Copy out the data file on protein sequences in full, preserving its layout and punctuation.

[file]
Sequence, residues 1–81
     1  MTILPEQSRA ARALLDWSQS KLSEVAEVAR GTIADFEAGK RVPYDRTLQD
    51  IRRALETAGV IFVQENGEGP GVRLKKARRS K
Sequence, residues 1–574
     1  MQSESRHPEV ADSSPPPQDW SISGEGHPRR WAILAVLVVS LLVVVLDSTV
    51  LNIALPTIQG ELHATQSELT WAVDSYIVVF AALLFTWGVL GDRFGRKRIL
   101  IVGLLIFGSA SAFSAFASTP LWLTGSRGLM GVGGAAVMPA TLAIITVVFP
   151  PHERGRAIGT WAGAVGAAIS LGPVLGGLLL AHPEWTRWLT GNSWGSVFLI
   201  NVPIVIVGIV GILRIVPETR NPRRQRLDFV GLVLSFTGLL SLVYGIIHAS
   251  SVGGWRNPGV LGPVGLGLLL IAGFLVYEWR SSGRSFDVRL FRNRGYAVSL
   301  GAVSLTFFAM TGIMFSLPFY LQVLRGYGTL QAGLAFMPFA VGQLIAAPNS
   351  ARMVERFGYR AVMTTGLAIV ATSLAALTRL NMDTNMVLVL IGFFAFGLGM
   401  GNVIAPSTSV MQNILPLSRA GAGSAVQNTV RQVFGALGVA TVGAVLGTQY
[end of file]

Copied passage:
Sequence, residues 1–81
     1  MTILPEQSRA ARALLDWSQS KLSEVAEVAR GTIADFEAGK RVPYDRTLQD
    51  IRRALETAGV IFVQENGEGP GVRLKKARRS K
Sequence, residues 1–574
     1  MQSESRHPEV ADSSPPPQDW SISGEGHPRR WAILAVLVVS LLVVVLDSTV
    51  LNIALPTIQG ELHATQSELT WAVDSYIVVF AALLFTWGVL GDRFGRKRIL
   101  IVGLLIFGSA SAFSAFASTP LWLTGSRGLM GVGGAAVMPA TLAIITVVFP
   151  PHERGRAIGT WAGAVGAAIS LGPVLGGLLL AHPEWTRWLT GNSWGSVFLI
   201  NVPIVIVGIV GILRIVPETR NPRRQRLDFV GLVLSFTGLL SLVYGIIHAS
   251  SVGGWRNPGV LGPVGLGLLL IAGFLVYEWR SSGRSFDVRL FRNRGYAVSL
   301  GAVSLTFFAM TGIMFSLPFY LQVLRGYGTL QAGLAFMPFA VGQLIAAPNS
   351  ARMVERFGYR AVMTTGLAIV ATSLAALTRL NMDTNMVLVL IGFFAFGLGM
   401  GNVIAPSTSV MQNILPLSRA GAGSAVQNTV RQVFGALGVA TVGAVLGTQY